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    Re: almanac software
    From: Herbert Prinz
    Date: 2002 Mar 8, 18:54 +0000

    Cliff Sojourner wrote:
    
    > how are almanac tables tested?  how do you know you can
    > trust the generated table?
    
    In 3 stages (at least).
    
    Almanacs are produced from fundamental ephemerides. Putting aside trivial
    problems such as printing errors, s/w errors, truncation problems, which can
    easily be eliminated, all deviations from the theoretical values are the result
    of an intentional trade-off between size and versatility of the almanac versus
    its accuracy. As such, the deviations are voluntary, and predictable. If it is
    said that an almanac is precise to 0.1' of arc, it means that there is no
    greater deviation than that from the value obtained by rigorous methods from the
    fundamental ephemerides.
    
    The fundamental ephemerides are produced by numerical integration from dynamical
    theory and least-square-fitted observational data. One can estimate the errors
    due to finite step size of integration or truncation of terms. Then the result
    must be published in a suitable format, for instance, Chebyshev polynoms. This,
    again, causes _predictable_ approximation errors. It is in this sense that one
    can say that a certain fundamental ephemeris is precise to, say 1 mas level, or
    whatever.
    
    One can, of course, hardly predict errors stemming from an inadequate theory or
    inaccurate observations. This is, finally, where empirical verification comes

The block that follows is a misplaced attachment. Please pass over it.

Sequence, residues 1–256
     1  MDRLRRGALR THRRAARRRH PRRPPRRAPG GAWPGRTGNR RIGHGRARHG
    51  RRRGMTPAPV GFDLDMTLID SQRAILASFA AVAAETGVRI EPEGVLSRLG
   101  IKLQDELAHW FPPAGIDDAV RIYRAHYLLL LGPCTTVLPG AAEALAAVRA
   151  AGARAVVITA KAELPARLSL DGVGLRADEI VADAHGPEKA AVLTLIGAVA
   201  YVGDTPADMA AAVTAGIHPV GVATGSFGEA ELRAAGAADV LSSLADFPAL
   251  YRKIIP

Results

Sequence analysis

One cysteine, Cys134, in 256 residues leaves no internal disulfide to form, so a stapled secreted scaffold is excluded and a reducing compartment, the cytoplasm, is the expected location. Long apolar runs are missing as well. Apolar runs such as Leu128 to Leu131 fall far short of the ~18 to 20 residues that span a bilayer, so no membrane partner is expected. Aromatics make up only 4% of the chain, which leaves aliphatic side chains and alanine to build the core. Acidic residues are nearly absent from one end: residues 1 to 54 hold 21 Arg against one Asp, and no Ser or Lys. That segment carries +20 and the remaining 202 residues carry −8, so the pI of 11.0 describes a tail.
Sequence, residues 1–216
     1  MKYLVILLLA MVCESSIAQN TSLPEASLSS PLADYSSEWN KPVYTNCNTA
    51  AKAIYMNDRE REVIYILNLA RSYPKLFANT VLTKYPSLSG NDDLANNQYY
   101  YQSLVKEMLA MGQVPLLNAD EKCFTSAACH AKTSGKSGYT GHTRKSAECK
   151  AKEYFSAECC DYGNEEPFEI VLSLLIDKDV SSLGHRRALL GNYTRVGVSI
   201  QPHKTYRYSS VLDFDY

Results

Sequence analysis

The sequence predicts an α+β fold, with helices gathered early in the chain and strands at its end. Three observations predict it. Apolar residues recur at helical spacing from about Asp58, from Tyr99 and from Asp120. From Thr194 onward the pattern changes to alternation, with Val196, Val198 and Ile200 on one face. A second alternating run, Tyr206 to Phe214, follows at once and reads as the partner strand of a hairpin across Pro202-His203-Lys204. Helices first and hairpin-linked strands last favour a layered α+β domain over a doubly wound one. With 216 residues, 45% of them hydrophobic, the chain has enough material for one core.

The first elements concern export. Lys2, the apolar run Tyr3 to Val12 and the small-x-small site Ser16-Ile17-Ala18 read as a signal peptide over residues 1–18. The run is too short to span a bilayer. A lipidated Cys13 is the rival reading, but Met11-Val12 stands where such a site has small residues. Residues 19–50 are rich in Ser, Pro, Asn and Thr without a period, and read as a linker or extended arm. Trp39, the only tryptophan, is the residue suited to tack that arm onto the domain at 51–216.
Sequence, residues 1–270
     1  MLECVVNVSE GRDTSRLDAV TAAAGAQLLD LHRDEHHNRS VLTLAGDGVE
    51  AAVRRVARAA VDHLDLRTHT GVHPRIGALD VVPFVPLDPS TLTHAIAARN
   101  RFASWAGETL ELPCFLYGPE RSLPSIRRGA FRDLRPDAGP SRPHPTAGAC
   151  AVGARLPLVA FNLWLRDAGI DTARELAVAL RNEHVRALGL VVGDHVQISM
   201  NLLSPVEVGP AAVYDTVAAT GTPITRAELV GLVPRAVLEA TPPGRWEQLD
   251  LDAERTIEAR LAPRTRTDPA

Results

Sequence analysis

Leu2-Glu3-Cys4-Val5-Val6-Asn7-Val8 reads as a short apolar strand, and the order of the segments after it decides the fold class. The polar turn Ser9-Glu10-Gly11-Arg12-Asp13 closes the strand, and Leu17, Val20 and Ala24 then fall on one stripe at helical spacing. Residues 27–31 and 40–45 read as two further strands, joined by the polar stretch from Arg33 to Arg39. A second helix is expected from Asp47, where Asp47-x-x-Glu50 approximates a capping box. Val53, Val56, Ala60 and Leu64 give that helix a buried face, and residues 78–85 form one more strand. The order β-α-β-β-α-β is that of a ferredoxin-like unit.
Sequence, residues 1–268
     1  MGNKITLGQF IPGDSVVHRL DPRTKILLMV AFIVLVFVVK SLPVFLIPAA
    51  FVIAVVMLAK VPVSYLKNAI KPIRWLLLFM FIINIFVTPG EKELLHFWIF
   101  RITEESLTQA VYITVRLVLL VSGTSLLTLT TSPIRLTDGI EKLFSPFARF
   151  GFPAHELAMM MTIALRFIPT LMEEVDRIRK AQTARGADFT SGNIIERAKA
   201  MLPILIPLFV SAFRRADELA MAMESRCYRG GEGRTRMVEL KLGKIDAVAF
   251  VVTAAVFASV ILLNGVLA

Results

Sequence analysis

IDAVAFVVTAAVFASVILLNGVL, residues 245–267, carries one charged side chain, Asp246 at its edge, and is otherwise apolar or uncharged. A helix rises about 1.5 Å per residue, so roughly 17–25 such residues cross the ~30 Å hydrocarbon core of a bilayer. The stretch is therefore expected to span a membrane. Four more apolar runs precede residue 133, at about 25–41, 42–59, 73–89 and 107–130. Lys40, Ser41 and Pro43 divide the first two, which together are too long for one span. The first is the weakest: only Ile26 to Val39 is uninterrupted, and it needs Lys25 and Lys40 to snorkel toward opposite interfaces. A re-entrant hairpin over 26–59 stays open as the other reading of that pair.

into play. More and better observations lead to better initial conditions for
    the equations, may even result in a new theory, which yields better fundamental
    ephemerides, from which a better almanac or star-gazing program can be produced.
    
    It almost goes without saying that to go out and check the position of the sun
    against one's almanac or the xyz star gazing program is quite a silly exercise.
    I always find it hilarious, when the "Ocean Magazine" and the "Cruising
    Navigator" do exactly this: "We have tested the "Admiral's Sight Reduction
    Suite, Professional Edition, and found it to be accurate within half a mile when
    compared to GPS in 12 foot seas"
    
    
    > why should I believe one program is better (more
    > accurate) than another?
    
    Where commercial computer programs are concerned, this is mostly a thing of the
    past when computers were so slow and small that one had to make compromises.
    Nowadays, when all almanac programs come on CD roms and need 64 MB of memory
    just to bring the first window onto the screen, there is very little
    justification for truncating the theory of the moon after 200 terms. Nowadays, a
    program does either the right thing (i.e. using JPL ephemerides and NOVAS
    algorithms) or the wrong thing. In the latter case, throw it away. At any rate,
    the documentation of a good professional ephemeris program should tell you
    exactly what the underlying theory or fundamental ephemerides and algorithms
    are, so that you can understand the limitations and use it correctly. If it
    doesn't, forget the program.
    
    Regards
    
    Herbert Prinz
    
    
    

       
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